The development of heart valve surgery

Ken Taylor

There have been dramatic changes in heart valve surgery in the past 60 years. We highlight some of the key developments, and Professor Ken Taylor (pictured), a retired cardiac surgeon who saw many of the changes throughout his career, gives his view.

The invention of the heart-lung machine - first used in 1953 - allowed the development of open-heart surgery. An important aspect of this was the treatment of defective valves, which has changed enormously in the last 60 years.

Open-heart surgery made it possible to repair the mitral and pulmonary valves with more precision, and also made it possible to tackle the aortic valve for the first time.

The first mechanical replacement valve was created and implanted by Albert Star and Lowell Edwards in America in 1960. As remains the case today, it meant that the patient would need to spend the rest of his life on anti-coagulant drugs to prevent blood clots forming on the valve.

It was the development of the heart-lung machine which really allowed cardiac surgery to develop

The first valve replacement from a human patient was first performed in 1962. Surgeon Alfred Gunning, from Oxford, had been using freeze-dried valves from donated corpses for his research. He gave some of these to Donald Ross, who was trying to repair an aortic valve when it disintegrated. Without many other options, Ross used one of the freeze-dried valves to replace it, and the patient did well.

With the help of BHF funding, Ross went on to improve surgical techniques and death rates dropped, he developed the Ross procedure, designed to treat patients with a faulty aortic valve. The procedure has two steps - the aortic valve is replaced with the patient's own pulmonary valve (this is known as an autograft). The pulmonary valve is then replaced with a valve from a corpse. The aortic valve is under the most pressure of all the valves, so the thinking is that the patient's own healthy pulmonary valve has the best chance of withstanding the pressure.

The procedure is still used today, and four in five patients live for at least another 20 years afterwards.

A cardiac surgeon's view

Professor Ken Taylor worked as a cardiac surgeon from the 1960s until his retirement in 2007. He was BHF Chair in Cardiac Surgery at Hammersmith Hospital from 1983 to 2007, and helped to set up the UK Valve Registry in 1986, which ran until 2007.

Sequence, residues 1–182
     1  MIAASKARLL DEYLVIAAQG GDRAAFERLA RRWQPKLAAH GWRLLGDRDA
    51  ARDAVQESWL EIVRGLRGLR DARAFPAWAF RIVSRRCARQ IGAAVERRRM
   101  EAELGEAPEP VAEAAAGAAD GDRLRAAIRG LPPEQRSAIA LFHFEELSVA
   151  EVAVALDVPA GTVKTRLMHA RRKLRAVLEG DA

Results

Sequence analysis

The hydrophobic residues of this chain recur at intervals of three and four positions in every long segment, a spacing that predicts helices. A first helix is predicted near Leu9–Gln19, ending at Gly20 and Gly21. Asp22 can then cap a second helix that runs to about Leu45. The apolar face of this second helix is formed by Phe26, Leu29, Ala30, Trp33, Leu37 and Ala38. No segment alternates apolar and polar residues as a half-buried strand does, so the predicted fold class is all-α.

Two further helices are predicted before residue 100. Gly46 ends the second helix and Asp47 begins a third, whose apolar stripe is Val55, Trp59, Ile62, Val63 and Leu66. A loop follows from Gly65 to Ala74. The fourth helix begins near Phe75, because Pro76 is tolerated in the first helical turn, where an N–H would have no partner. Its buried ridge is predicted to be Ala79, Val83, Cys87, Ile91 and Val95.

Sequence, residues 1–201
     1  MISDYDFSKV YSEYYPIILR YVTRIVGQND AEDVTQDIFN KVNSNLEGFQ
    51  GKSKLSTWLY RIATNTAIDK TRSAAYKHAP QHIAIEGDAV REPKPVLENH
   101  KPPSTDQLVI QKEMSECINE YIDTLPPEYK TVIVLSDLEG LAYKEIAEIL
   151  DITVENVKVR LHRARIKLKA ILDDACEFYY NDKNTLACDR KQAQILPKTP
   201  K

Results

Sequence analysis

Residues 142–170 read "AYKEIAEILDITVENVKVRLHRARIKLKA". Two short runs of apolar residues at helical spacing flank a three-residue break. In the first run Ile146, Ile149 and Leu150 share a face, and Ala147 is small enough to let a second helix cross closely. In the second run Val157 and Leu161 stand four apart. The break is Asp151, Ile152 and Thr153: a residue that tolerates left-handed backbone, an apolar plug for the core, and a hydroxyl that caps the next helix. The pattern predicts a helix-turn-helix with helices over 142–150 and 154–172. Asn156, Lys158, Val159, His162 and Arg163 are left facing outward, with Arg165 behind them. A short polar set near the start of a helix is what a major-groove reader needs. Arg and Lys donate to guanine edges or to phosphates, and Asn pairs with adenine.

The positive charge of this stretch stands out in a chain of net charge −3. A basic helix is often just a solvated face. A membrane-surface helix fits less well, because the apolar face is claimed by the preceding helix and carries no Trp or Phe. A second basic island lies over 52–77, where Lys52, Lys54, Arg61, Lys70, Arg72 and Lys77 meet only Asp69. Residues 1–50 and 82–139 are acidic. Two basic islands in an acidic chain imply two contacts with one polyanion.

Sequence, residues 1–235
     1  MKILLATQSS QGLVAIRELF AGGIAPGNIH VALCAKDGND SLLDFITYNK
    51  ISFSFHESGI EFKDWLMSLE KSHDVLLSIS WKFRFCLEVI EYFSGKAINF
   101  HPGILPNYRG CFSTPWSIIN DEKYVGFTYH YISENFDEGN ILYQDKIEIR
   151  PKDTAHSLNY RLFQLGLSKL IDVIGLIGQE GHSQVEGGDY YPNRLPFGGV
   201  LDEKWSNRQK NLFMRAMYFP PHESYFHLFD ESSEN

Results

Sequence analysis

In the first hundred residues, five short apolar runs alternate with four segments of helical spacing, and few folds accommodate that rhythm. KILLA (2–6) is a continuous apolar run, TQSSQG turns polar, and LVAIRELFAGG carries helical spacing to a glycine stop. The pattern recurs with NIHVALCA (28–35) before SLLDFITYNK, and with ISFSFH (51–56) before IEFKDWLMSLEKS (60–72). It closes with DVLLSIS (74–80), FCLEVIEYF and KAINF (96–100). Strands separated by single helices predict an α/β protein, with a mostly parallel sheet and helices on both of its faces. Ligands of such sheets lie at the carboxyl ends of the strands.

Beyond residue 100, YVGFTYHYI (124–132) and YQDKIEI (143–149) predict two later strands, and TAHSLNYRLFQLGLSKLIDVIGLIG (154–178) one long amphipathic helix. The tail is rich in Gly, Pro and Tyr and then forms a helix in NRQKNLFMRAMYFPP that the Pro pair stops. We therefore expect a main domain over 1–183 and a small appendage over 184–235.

He says: “It was the development of the heart-lung machine which really allowed cardiac surgery to develop. There were a number of groups in the UK, Europe and America who were working on this with animal experiments at the same time, though it was in John Gibbon in Philadelphia who did the first successful heart-lung bypass in 1953.

“Three of his four patients died and he never did any more, but it took off very quickly. When I was a junior registrar opening a narrowed mitral valve – as John Fitzsimmins had in 1959 – was still one of the procedures being carried out. It was possible to do that without a heart-lung machine.

“The first mechanical mitral valve replacement was in 1960 – so John Fitzsimmins missed this possibility by just a year – and the first aortic valve followed a year later.

One of the big things that has changed is the age of patients being considered for valve replacement

“The 1960s was a time of huge development. As well as mechanical valves, homografts (valves taken from a human patient) and xenografts (using different species such as pigs) were being worked on.

The first mechanical valves were ball and cage valves. In 1969 a more advanced valve, a tilting disc valve, was developed, and in 1977 a bileaflet valve.

Although modern mechanical valves are more advanced, they still have the same issue as the earliest ones, requiring lifelong anticoagulant drugs to prevent blood clots. But they have the potential to last much longer, so one of the things we look at is how old the patient is and how long they might need the valve to last.

“One of the big things that has changed is the age of patients being considered for valve replacement. When I started as a consultant we rarely considered patients who were older than 70. Now it is common for older patients to have the surgery.

“We started the UK Valve Registry in 1986 to collect information on how many patients were having valve surgery, what kind of valves were being used, and how successful the procedures were. One of the things we were able to show is that with patients in their 80s and even early 90s who were fit, results were nearly as good as for patients in their 70s or younger.

“In recent years minimally invasive techniques have been developed, which allow aortic valve replacement without open-heart surgery, although many patients are still treated with conventional surgery.

“The BHF has done a lot to develop heart valve surgery. The BHF funded my first study, on the effects of heart-lung bypass during open heart surgery on inflammation in other parts of the body.”

Read how patient John Fitzsimmins has experienced valve surgery across more than 50 years

The BHF's role

Surgeons operating

The BHF started awarding its first research grants in 1962, and one was to develop techniques for implanting homograft valves. Donald Ross, one of the surgeons working on this, received several more BHF grants over the next 20 years, and developed the Ross Operation (see above), which is still used today.

Many more developments in valve surgery have been funded or supported by the BHF.

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